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The sediment at Site U1370 is ~70 m thick. The dominant lithology is zeolitic metalliferous pelagic clay. The strata also contain a relatively short (30 cm to 2.9 m) interval of very pale brown to pale yellow nannofossil ooze that divides the clay into upper and lower units. The principal components of the clay are red-brown to yellow-brown semiopaque oxide (RSO), phillipsite, and smectite (see Site U1370 smear slides in “Core descriptions”; Fig. F7).

Lithologic Unit I lies between the sediment/water interface and the top of the nannofossil ooze at ~61 mbsf. Modal abundances of RSO, phillipsite, and clay are 36%, 29%, and 27%, respectively. Based on smear slide analyses, the ooze (Unit II) contains 96% coccolithophores, 3% phillipsite, and 1% clay. The lower clay (Unit III) is thin; it contains 88% RSO, 12% clay, and 0% phillipsite and directly overlays the basaltic basement. Volcanic glass is locally abundant (~43%) in Unit I; however, its overall abundance is only 7% and it is completely absent in Units II and III. Manganese nodules were not recovered in mudline cores. A large, fragmented nodule was recovered in Hole U1370D at 10 mbsf, and fragments of manganese-encrusted hardground were recovered in Hole U1370F at 52 mbsf.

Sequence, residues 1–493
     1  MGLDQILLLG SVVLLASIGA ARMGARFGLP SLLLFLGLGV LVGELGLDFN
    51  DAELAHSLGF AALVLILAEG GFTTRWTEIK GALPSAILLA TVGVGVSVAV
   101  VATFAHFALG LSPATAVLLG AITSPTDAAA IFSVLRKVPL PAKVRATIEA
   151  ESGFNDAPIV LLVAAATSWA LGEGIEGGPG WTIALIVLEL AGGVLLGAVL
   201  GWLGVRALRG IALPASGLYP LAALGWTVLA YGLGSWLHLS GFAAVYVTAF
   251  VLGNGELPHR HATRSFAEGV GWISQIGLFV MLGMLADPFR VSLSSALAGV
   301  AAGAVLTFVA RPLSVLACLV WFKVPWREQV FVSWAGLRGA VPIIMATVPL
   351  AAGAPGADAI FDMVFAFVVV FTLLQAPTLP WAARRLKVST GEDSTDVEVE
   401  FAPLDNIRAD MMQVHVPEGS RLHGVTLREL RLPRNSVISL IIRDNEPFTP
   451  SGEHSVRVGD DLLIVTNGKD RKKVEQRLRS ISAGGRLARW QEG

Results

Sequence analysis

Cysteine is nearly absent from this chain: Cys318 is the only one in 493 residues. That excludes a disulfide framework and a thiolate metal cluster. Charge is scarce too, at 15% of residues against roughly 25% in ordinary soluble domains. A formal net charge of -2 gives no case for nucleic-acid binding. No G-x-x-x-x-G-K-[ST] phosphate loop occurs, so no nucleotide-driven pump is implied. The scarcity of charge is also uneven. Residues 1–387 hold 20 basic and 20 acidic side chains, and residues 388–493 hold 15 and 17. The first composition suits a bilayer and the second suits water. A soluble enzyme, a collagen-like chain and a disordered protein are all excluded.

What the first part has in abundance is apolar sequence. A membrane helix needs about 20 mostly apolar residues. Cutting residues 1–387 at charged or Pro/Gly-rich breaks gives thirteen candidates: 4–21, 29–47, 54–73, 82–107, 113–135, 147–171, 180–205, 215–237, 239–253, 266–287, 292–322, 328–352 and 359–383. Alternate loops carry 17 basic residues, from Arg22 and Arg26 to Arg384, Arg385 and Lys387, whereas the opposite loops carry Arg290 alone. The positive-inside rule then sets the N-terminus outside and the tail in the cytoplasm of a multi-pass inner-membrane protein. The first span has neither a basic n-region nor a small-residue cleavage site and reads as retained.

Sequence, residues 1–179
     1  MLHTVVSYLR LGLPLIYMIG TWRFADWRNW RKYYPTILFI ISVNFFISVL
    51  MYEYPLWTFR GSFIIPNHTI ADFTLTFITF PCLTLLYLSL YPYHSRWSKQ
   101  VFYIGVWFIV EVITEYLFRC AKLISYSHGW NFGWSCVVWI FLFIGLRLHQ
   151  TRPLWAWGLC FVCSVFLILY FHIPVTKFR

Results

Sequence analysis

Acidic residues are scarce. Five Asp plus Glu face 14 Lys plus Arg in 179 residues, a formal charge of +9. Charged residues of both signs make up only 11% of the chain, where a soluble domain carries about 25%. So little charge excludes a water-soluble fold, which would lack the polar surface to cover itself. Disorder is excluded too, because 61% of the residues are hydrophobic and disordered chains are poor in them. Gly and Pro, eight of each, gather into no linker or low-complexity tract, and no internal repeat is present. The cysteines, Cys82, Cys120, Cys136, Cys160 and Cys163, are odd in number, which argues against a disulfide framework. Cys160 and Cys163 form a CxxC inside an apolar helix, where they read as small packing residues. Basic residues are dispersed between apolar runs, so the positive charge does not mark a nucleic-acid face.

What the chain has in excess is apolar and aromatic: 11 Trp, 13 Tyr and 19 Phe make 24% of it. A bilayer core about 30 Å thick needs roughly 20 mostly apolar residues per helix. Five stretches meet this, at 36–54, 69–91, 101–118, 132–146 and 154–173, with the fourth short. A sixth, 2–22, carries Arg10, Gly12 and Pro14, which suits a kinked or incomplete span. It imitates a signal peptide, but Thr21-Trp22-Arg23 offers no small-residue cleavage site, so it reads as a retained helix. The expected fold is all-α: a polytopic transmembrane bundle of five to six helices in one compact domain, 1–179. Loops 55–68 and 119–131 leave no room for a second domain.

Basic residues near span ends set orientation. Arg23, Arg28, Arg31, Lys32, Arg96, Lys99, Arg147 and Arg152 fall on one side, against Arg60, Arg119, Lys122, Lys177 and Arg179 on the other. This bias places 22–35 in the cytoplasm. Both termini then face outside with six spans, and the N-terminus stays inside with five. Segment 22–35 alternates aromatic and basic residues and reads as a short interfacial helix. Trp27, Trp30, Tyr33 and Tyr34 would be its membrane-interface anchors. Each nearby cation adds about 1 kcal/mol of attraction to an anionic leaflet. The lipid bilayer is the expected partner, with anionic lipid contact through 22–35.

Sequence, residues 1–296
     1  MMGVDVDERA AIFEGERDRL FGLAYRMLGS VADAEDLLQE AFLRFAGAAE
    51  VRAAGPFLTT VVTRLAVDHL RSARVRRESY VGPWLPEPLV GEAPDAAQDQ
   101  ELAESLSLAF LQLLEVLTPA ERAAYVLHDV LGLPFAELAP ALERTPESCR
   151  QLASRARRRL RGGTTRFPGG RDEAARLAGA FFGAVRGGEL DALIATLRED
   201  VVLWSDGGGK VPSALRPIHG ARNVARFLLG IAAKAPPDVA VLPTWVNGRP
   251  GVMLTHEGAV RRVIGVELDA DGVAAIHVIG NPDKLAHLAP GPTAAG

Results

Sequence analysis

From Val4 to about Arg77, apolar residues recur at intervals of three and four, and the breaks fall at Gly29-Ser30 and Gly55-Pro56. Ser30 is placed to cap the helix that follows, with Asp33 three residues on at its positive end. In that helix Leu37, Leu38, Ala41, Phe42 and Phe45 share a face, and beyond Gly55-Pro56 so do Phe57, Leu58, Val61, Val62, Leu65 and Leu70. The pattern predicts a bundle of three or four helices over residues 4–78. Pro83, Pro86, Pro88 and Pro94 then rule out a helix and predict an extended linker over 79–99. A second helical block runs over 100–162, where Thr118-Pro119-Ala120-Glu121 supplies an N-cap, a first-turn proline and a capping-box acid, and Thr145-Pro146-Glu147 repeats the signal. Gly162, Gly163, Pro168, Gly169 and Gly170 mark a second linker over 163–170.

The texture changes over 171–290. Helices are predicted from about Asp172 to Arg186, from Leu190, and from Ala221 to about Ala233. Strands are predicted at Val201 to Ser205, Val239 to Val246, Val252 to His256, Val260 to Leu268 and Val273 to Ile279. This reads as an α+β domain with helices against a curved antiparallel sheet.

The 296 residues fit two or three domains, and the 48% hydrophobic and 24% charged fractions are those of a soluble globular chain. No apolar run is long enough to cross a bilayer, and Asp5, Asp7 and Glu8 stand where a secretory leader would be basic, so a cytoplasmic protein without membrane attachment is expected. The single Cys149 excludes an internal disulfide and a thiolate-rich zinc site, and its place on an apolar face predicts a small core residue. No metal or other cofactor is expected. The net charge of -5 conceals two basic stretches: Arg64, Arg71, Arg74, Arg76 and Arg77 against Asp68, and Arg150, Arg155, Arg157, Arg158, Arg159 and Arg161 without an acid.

The overall structure of the dark brown pelagic clay and pale yellow nannofossil ooze at Site U1370 is massive, although occasional laminations and thin beds are visible in the lower half of Unit I. Planolites (horizontal) burrows are faintly visible in most of the mottled clay and are occasionally highlighted by very pale ellipses in the upper part of Unit I. Trichichnus (vertical) burrows blend the upper and lower contacts of the pale yellow nannofossil ooze and the over- and underlying metalliferous clay. Lithostratigraphic correlation among Site U1370 holes shows that sediment thickness and composition are uniform (Fig. F8).

The pelagic sediment rests on altered basalt that was recovered in small fragments in Cores 329-U1370D-8H (~68 mbsf) and 329-U1370F-8H (~65 mbsf).

Description of units

Unit I

Subunit IA
  • Intervals: 329-U1370D-1H-1, 0 cm, to 6H-CC, 22 cm; 329-U1370E-1H-1, 0 cm, to unrecovered (see below); 329-U1370F-1H-1, 0 cm, to 6H-CC, 24 cm

  • Depths: Hole U1370D = 0–53.9 mbsf, Hole U1370E = 0 to >51.6 mbsf (see below), Hole U1370F = 0–53.9 mbsf